Laureate Interview: Efe Kerem Sözeri

Published on November, 25 2019

The entry period for the 2020 edition of the European Press Prize will be open until December 13, 2019. During this entry period, the European Press Prize is interviewing laureates from the past years about their current projects, the importance of acknowledgment, and their personal nominations for the 2020 edition. This time: Efe Kerem Sözeri, from Turkey. Efe was selected for the 2019 Innovation Award shortlist with ‘Elections clouds cleared: Which party, which candidate says what?’.

What are you working on at the moment?

I am currently working outside of journalism, but still curiously doing investigations with data, within the media sector.

Why is it important for journalists to be acknowledged for their work today?

Journalism is a public service, and its product has an impact well beyond the borders of the office and the network of people it is produced among. Good journalism has also a long lasting effect, on politics, on finance, and even on the society under right circumstances. This power of influence puts journalists on a difficult and dangerous spot. Therefore the journalists should receive acknowledgement, respect and praise, just like judges and teachers do, that keeps them accountable, so that they will remain unbiased and factual, even when the job is tough and pays a little.

“Public praise also gives the journalists a shield, making it riskier and costlier for a politician or a criminal to attack them.”

I always thought of public praise as how people pay us back actually, and appreciated it a lot 🙂

Why would you encourage fellow journalists to enter work for the European Press Prize?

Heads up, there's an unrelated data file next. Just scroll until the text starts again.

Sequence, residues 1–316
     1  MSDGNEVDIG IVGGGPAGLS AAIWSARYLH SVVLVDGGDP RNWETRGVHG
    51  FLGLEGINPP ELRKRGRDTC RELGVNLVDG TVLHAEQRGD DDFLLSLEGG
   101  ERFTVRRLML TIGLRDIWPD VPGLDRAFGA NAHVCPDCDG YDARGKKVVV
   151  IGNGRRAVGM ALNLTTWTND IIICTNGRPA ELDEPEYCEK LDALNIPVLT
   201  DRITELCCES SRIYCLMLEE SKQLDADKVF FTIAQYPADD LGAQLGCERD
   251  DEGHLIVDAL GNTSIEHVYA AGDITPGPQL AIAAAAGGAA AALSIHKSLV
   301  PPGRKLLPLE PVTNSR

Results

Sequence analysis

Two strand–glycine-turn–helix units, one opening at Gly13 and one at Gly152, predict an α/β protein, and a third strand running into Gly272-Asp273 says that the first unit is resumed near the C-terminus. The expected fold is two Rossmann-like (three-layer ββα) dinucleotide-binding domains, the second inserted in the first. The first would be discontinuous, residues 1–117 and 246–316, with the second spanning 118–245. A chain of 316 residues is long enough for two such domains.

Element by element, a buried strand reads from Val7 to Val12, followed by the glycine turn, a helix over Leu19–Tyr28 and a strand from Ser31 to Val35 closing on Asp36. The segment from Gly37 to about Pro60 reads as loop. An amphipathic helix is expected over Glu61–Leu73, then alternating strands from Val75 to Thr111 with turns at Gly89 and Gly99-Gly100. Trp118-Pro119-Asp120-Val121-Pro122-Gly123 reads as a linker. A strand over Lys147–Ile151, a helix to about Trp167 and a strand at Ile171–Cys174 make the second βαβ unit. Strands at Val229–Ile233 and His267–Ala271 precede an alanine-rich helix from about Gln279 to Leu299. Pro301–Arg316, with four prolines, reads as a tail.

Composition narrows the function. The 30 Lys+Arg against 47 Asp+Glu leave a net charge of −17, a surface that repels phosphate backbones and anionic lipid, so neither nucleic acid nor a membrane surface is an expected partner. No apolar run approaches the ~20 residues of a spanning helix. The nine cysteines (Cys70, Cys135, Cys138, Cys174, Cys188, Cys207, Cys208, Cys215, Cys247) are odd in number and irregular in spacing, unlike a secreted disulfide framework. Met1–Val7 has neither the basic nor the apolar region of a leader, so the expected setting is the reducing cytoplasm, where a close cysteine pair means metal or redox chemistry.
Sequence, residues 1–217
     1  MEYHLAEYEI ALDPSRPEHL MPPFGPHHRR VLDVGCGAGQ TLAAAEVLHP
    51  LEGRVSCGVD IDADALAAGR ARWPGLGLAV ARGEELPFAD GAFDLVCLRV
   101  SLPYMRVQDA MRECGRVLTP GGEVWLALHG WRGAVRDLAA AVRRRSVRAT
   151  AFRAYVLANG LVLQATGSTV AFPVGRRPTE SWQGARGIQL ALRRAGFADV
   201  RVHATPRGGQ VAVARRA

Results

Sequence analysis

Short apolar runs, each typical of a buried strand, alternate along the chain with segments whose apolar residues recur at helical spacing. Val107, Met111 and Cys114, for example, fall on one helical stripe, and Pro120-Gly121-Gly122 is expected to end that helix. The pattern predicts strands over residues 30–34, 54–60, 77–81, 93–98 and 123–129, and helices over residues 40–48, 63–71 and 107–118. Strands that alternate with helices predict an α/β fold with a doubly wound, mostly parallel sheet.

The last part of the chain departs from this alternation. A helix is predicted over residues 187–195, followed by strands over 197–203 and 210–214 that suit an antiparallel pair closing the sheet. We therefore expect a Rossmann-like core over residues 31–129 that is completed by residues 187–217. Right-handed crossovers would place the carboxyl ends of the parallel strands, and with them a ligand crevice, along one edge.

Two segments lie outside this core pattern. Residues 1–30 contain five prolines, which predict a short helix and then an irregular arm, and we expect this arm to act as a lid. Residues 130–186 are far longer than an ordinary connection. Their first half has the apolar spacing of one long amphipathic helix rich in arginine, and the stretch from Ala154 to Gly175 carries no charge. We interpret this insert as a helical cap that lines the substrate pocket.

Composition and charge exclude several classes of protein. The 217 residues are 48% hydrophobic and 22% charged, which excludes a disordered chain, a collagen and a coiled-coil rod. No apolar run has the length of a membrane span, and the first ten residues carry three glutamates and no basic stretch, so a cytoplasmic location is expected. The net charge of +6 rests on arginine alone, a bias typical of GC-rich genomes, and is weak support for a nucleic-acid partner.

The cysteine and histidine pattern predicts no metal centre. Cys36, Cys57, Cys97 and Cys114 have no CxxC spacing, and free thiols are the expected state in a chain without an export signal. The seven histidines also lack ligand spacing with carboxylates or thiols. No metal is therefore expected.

Even though there will be only a handful of winners in the end, submitting your work already makes it a candidate among the best of that year. This is quite a motivation, and boosts your self-esteem and confidence.

And participation is different than observing from afar. Such involvement makes you read the other’s work in more detail, and envy is a good teacher, inspiration is a good friend.

Who would you nominate for the European Press Prize 2020?

Among the many brilliant work I have read last year, there a few strong contenders from my motherland, Turkey.

I was most amazed by this collective interview with Selahattin Demirtaş, the Kurdish party leader who was jailed for his political speeches. Journalist Irfan Aktan took a step aside there and got 35 other journalists, novelists, artists and critics to ask him questions. Next to being a great work that bravely touches the Kurdish issue, it is a great text to read, also helped by Demirtaş, himself being a short story writer.

Another work I loved was this report about a corruption case in a small town in Turkey. Sometimes the vastness of Erdoğan’s crony capitalism is beyond the grasp of the reader’s, you know, we the ordinary people cannot often think in billion of dollars in graft, delivered through off-shore accounts and complicated schemes. Sounds like a spy novel. So, journalist Tunca Öğreten published the receipts from a local jewellery store in Eastern Turkey, showing the governor buying expensive gifts to ministers from Ankara, who were visiting the town, all with taxpayer’s money. The Erdoğan government had actually appointed that governor to replace the town’s elected mayor, claiming that the Kurdish mayor did not serve the people. What a story arch!

And last, but really not the least, I admire the body of work that Burcu Karakaş reports. She is a tough reporter who chooses and pulls it off with very difficult subjects that matter, such as gender and income inequalities. It is a very difficult to pick one story from her, but her last, about medical stitching of young women’s hymen, because it is still culturally seen as a proof of virginity, is such a great example of what public service she provides as a journalist. Turkey is lucky to have her.

Besides Turkey, journalists from the countries so far under-represented in the European platforms, including most of Eastern Europe, should definitely apply; there are some very brave voices over there.

And I am always excited the most about the innovation category, so those nerds and creative minds who bend their tools and challenge their editors must apply. Looking forward to their work the most!